feeding center run by the Irish charity GOAL has admitted 73 starving
children in the past month.
Some, like Bizunesh, are
frail and skeletal. Others, like 4-year-old Eyob Tadesse, have grossly
swollen limbs in a sign of extreme malnutrition.
Eyob, whose mother said he
used to be a lively, talkative child, sat in a stupor, unable to speak, not
moving even to brush away the flies that swarmed over his face. The sunny
room humid with a recent, too late, rain shower was made gloomy by an eerie
silence despite being full of sick children. Chronic malnutrition can affect
children for life, stunting their growth, brain development and immune
systems, which leaves them vulnerable to a host of illnesses.
Many mothers said their
families were trying to survive on a gluey, chewy bread made of the root of
the "false banana" plant -- one of many wild or so-called famine foods that
Ethiopians depend on in times of trouble.
It's not known how many
children have died or are starving now. Local and international aid and
health workers say between 10 and nearly 20 percent of Ethiopia's children
are malnourished -- 15 percent is considered a critical situation. In 2006,
Ethiopia had 13.4 million children under age 5, according to UNICEF.
Samuel Akale, a
nutritionist with the government's disaster prevention agency, said the
hunger will get worse. "The number of severely malnourished will increase,
and then they'll die."
WFP officials say the
drought has affected six of Ethiopia's nine regions, stretching from Tigray
in the north to the vast and dry Somali region in the south, though not
every part of each region is affected.
Spokesman Greg Beals said
the U.N. Office for the Coordination of Humanitarian Affairs is preparing an
appeal for additional tens of millions of dollars.
"This is a real crisis that
needs to be addressed," he said.
Ethiopia is a country with
a history of hunger. It's food problems drew international attention in 1984
when a famine compounded by communist policies killed some 1 million people.
Pictures of stick-thin children like Bizunesh were broadcast onto television
sets around the world.
This year's crisis is far
less severe. But drought and chronic hunger persist in Ethiopia, a Horn of
Africa nation known for its coffee, a major export. In 2003, droughts led
13.2 million people to seek emergency food aid. Drought in 2000 left more
than 10 million needing emergency food.
Drought is especially
disastrous in Ethiopia because more than 80 percent of people live off the
land, and agriculture drives the economy, accounting for half of all
domestic production and 85 percent of exports. But many also go hungry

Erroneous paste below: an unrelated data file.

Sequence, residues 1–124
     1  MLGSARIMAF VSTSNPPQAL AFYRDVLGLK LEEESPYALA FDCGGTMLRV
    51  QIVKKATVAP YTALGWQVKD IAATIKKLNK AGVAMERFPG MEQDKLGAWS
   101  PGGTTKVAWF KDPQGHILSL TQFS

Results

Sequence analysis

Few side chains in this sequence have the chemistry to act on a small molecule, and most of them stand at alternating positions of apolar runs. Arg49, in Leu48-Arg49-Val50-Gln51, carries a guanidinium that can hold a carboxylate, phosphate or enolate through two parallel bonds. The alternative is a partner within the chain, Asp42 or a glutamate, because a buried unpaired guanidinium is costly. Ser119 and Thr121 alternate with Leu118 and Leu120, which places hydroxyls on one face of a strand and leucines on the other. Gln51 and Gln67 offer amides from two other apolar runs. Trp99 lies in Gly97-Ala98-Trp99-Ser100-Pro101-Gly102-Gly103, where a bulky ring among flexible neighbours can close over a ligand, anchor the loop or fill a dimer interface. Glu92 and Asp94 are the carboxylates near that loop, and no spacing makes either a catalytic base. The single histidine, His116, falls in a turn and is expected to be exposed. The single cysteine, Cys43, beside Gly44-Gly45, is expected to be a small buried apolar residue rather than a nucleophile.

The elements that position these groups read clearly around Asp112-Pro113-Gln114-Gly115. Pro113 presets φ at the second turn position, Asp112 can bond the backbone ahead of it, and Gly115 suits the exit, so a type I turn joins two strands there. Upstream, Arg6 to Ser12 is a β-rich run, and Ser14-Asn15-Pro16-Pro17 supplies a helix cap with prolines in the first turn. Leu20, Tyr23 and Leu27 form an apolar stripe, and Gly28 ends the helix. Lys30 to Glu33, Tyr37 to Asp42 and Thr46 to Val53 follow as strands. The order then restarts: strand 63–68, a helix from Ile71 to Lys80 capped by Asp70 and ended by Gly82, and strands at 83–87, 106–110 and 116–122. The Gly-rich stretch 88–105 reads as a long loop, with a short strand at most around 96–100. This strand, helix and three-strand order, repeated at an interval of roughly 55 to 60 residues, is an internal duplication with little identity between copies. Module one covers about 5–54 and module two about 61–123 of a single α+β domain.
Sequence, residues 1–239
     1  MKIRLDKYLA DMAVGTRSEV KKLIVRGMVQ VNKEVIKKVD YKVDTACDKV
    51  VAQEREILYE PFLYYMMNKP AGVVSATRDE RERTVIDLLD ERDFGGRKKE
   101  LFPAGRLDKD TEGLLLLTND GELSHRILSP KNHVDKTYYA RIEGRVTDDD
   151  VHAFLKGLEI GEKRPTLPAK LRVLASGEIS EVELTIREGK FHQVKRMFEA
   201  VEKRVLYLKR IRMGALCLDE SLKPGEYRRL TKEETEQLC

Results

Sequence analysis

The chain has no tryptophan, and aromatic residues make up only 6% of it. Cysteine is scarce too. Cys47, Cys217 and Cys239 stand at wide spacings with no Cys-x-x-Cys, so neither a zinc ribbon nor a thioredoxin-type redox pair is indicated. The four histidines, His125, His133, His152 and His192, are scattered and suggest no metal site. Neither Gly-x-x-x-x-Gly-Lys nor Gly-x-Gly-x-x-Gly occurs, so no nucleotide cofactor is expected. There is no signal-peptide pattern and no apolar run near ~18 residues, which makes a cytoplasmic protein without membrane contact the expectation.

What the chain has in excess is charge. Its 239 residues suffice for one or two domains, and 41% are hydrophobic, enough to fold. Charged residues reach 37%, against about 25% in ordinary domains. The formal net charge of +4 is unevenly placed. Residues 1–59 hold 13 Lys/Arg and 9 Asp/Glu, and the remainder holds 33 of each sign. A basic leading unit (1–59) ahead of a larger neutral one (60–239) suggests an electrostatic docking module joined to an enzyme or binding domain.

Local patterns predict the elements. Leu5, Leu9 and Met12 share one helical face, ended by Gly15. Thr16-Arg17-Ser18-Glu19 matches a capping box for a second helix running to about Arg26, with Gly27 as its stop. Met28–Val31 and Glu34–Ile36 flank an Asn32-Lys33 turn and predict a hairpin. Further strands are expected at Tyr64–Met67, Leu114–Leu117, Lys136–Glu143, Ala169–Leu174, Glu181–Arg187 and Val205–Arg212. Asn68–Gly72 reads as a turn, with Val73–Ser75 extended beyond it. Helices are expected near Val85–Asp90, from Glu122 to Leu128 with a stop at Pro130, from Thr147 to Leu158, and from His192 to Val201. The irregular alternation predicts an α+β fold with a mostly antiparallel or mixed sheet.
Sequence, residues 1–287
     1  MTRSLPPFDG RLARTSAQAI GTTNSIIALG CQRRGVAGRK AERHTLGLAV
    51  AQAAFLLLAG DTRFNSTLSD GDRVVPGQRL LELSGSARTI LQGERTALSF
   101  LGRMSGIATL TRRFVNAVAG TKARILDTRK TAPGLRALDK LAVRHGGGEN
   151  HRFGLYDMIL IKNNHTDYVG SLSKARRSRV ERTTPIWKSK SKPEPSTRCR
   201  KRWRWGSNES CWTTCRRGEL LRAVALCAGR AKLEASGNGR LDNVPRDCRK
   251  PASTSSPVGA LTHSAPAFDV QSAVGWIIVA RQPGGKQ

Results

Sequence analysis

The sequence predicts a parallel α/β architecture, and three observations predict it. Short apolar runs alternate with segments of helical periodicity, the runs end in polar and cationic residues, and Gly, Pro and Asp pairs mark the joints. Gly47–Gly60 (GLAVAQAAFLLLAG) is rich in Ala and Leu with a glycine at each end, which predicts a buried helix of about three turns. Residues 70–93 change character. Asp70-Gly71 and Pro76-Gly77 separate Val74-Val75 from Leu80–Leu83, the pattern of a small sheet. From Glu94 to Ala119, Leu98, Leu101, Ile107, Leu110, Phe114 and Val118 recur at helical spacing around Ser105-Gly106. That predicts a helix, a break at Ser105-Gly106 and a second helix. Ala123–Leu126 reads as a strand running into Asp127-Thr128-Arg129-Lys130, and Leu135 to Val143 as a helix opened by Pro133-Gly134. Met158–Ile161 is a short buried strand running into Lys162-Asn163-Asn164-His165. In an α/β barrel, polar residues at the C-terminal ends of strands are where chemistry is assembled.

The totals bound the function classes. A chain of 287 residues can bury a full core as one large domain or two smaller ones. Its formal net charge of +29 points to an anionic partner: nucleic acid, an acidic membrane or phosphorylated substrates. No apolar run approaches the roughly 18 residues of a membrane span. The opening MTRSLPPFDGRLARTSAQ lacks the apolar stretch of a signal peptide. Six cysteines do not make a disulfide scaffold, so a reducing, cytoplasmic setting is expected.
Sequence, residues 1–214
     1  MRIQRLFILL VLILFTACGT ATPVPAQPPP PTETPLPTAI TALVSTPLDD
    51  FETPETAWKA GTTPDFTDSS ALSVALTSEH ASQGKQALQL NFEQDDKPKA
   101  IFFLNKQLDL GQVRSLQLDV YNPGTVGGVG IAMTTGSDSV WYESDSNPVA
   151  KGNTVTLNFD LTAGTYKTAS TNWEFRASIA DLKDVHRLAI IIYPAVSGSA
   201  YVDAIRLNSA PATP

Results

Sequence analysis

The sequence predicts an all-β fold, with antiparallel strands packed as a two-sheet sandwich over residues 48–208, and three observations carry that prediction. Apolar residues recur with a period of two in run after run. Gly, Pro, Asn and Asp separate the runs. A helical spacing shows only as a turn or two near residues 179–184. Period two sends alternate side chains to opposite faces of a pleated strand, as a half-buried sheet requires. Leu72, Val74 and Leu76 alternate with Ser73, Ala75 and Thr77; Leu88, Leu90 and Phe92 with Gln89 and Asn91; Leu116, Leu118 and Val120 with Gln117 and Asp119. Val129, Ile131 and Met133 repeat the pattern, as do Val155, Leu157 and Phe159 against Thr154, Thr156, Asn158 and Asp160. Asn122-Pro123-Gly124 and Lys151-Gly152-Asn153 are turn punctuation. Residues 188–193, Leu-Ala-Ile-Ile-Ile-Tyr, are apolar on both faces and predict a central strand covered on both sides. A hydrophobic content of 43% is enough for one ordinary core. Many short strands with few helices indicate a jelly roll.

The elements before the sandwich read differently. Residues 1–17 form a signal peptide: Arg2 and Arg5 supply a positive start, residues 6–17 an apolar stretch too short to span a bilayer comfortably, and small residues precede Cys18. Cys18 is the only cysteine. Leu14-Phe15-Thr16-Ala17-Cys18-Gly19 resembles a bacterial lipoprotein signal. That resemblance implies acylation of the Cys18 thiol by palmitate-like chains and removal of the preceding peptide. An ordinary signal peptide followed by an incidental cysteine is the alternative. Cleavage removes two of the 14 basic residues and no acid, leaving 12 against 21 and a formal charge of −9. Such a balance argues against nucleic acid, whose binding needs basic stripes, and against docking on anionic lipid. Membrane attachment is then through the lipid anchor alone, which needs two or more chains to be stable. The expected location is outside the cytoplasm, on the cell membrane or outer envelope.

because of government policies. Ethiopia's government buys all crops from
farmers at fixed low prices. And the government owns all the land, so it
cannot be used as collateral for loans.
Aid agencies say emergency
intervention is not enough and are appealing for more money to support
regular feeding programs.
"What we're doing at the
moment is waiting until children get severely malnourished, taking them into
the feeding program, getting them back to a level of moderate malnutrition
and then watching them cycle back," said Hatty Newhouse, a nutrition adviser
There are fears that the
next harvest also will fail.
"We are crying with the
mothers and the children," said Akale, the nutritionist.
Copyright 2008 The Associated Press. All
rights reserved. This material may not be published, broadcast,
rewritten or redistributed.
Children 'starving' in new Iraq
of children in Iraq do not have enough food to eat and more than a
quarter are chronically undernourished, a UN report says.
Malnutrition rates in children under
five have almost doubled since the US-led invasion - to nearly 8% by
the end of last year, it says.
The report was prepared for the annual
meeting of the UN Human Rights Commission in Geneva.
It also expressed concern over North
Korea and Sudan's Darfur province.
Jean Ziegler, a UN specialist on hunger
who prepared the report, blamed the worsening situation in Iraq on
the war led by coalition forces.
silent daily massacre by hunger is a form of murder — it
must be battled and eliminated ”
He was addressing a meeting of the
53-nation commission, the top UN rights watchdog, which is halfway
through its annual six-week session.
When Saddam Hussein was overthrown,
about 4% of Iraqi children under five were going hungry; now that
figure has almost doubled to 8%, his report says.
Governments must recognise their
extra-territorial obligations towards the right to food and should
not do anything that might undermine access to it of people living
outside their borders, it says.
That point is aimed clearly at the US,
but Washington, which has sent a large delegation to the Human
Rights Commission, declined to respond to the charges, says the
BBC's Imogen Foulkes in Geneva.
Mr Ziegler also said he was very
concerned about the lack of food in North Korea, where there are
reports that UN food aid is not being distributed fairly.
In Darfur, the continuing conflict has
prevented people from planting vital crops, he said.
Overall, Mr Ziegler said he was shocked
by the fact that hunger is actually increasing worldwide.
Some 17,000 children die every day from
hunger-related diseases, the report claims, calling the situation a
scandal in a world that is richer than ever before.
"The silent daily massacre by hunger is
a form of murder," Mr. Ziegler said. "It must be battled and
BBC NEWS |
Middle East | Children 'starving' in new Iraq
If God could hear the voice of
Abel's blood crying out to Him from the ground (Genesis 4:10), do
you suppose God has missed the cries of those starving children who
are being ignored by the world?
"...speaking the truth in
love..." —Ephesians 4:15
This is NOT a hate site
"Ye that love the LORD, hate evil..." —Psalm 97:10
Ye Must Be Born Again!
| You Need HIS Righteousness!